Receiving a letter from a loved one who has passed away seems like something from a dream. But for one family, mail that was delivered more than three-quarters of a century late was a reality that provided a bit of unexpected happiness.
The U.S. Postal Service recently discovered an airmail envelope at a Pittsburgh mail facility dated Dec. 6, 1945. The letter from Sgt. John Gonsalves, a 22-year-old Army soldier stationed in Germany, was addressed to his mother back home in Massachusetts.
Although it is unclear where the letter was all these years, postal employees that discovered it worked diligently to find Gonsalves’ family. They were able to deliver it to his widow, 89-year-old Angelina “Jean” Gonsalves, just before the holidays, along with a letter explaining the surprise mail.
“We are aware of the passing of your husband in 2015 (our condolences),” wrote Stephen D. Stowell, a worker at the U.S. Postal Service’s processing and distribution center in Pittsburgh. “By virtue of some dedicated sleuth work by postal employees at this facility, we were able to determine your address, hence this letter delivery to you, albeit 76 years delayed. Due to the age and significance to your family history, delivering this letter was of utmost importance to us.”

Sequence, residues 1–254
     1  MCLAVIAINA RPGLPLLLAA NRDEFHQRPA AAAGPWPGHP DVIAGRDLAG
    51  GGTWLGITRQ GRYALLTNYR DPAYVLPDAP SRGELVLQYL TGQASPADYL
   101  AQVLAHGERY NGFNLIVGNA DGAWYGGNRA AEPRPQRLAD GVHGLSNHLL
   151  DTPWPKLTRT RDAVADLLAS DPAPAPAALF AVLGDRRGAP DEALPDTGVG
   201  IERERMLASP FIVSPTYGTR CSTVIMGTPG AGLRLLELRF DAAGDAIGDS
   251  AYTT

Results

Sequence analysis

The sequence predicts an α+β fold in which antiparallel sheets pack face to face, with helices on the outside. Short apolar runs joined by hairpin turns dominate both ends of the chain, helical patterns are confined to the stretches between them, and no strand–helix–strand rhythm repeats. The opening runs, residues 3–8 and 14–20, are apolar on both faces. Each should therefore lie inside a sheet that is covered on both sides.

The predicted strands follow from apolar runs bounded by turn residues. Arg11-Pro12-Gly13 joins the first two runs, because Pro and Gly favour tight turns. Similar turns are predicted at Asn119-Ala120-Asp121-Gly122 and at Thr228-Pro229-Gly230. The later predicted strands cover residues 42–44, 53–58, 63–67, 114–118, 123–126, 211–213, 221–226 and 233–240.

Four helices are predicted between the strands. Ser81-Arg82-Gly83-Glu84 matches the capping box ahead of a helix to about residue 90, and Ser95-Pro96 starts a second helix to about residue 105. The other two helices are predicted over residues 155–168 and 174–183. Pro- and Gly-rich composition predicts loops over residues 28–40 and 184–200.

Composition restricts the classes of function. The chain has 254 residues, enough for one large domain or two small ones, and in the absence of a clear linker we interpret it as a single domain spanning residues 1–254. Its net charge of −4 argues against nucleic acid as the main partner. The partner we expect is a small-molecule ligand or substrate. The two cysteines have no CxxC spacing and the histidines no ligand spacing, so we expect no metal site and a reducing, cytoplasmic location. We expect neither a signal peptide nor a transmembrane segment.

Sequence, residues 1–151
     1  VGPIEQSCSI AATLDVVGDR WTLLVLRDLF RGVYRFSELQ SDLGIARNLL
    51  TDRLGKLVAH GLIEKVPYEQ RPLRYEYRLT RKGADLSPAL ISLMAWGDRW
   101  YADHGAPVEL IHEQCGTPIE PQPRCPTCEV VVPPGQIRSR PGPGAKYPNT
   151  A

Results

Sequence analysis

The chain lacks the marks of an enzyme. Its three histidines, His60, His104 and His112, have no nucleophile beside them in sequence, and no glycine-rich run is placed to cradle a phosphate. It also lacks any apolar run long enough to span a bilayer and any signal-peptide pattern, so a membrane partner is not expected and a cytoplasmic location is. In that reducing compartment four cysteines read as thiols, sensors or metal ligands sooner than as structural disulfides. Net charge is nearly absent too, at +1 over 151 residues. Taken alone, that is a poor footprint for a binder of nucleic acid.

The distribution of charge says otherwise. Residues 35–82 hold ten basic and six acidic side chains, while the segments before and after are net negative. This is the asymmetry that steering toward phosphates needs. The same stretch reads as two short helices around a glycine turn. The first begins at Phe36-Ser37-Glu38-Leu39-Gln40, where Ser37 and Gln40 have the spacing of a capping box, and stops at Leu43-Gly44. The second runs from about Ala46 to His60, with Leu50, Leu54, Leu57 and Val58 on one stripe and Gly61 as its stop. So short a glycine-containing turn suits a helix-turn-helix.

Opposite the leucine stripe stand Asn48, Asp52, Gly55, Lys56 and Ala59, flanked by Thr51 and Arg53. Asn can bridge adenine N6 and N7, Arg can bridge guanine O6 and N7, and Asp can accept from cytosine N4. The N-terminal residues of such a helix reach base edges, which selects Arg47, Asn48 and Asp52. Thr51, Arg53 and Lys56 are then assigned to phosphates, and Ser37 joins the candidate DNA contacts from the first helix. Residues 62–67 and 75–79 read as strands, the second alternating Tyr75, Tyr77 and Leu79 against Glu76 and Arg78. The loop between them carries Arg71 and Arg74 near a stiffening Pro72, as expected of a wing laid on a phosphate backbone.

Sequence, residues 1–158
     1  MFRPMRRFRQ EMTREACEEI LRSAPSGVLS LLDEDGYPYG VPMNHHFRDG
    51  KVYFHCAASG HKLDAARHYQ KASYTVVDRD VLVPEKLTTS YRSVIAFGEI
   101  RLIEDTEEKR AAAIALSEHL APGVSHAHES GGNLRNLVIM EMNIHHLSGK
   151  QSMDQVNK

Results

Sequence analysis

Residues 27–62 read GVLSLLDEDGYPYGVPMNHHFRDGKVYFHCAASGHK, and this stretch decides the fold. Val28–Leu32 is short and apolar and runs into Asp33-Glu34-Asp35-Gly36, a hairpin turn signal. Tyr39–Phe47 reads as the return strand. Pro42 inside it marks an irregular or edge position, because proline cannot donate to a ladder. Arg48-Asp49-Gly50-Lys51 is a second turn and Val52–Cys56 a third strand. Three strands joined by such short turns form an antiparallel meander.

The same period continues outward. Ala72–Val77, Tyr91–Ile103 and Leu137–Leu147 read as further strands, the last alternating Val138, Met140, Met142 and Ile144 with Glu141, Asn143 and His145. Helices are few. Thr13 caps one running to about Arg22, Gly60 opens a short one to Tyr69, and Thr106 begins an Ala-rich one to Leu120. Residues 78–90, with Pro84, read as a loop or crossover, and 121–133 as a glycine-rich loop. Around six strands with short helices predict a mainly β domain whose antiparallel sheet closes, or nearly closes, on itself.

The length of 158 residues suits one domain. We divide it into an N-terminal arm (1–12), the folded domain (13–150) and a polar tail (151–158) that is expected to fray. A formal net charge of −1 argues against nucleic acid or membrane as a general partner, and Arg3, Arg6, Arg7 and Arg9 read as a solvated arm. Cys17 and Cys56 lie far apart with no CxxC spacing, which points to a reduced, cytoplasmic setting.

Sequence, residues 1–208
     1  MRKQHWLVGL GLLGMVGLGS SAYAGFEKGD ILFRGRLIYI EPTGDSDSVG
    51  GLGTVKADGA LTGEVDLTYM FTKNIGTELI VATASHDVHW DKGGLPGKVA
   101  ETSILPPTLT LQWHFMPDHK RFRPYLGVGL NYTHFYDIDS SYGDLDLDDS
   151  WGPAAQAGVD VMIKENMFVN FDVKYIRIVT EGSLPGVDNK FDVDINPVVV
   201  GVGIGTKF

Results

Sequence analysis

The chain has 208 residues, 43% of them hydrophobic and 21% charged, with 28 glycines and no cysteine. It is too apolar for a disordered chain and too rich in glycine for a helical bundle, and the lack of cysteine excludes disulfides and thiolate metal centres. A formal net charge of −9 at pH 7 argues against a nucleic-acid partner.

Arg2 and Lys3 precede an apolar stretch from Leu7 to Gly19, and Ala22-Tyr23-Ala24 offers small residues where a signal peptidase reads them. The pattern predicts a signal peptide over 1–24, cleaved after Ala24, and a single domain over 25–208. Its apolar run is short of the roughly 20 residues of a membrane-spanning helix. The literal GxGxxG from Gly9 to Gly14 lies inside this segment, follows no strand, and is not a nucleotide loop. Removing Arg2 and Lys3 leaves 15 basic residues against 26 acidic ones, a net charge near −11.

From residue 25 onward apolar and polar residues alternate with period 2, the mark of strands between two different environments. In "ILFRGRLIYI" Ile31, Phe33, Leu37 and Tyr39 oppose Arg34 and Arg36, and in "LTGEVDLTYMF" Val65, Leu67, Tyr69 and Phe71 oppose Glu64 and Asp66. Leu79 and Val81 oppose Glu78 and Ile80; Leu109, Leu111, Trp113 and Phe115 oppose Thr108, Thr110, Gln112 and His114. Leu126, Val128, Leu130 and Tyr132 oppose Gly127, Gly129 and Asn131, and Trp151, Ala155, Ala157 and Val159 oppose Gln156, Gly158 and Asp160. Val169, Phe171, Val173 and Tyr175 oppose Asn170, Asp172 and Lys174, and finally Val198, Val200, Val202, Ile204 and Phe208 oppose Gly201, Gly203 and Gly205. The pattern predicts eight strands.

John died in 2015 at age 92, but while he and Jean enjoyed more than 60 years and raised five sons together, the couple didn’t even know one another John wrote the letter.
“I would have been 13 when John wrote it,” Jean told the Washington Post.
However, the letter was very special to the family.
“It was a weird feeling,” Jean told the Washington Post, “like he was standing there, reading it to me.”
“It was a joy to see her face light up reading his words,” Brian Gonsalves, Angelina and John’s son, told CNN. “To be able to see her read something he wrote and look back at that history, it’s something she’ll always have now.”
“They’re just not sure what happened, and I guess it really doesn’t matter,” Jean revealed to the Washington Post. “I’m just so happy to have it.”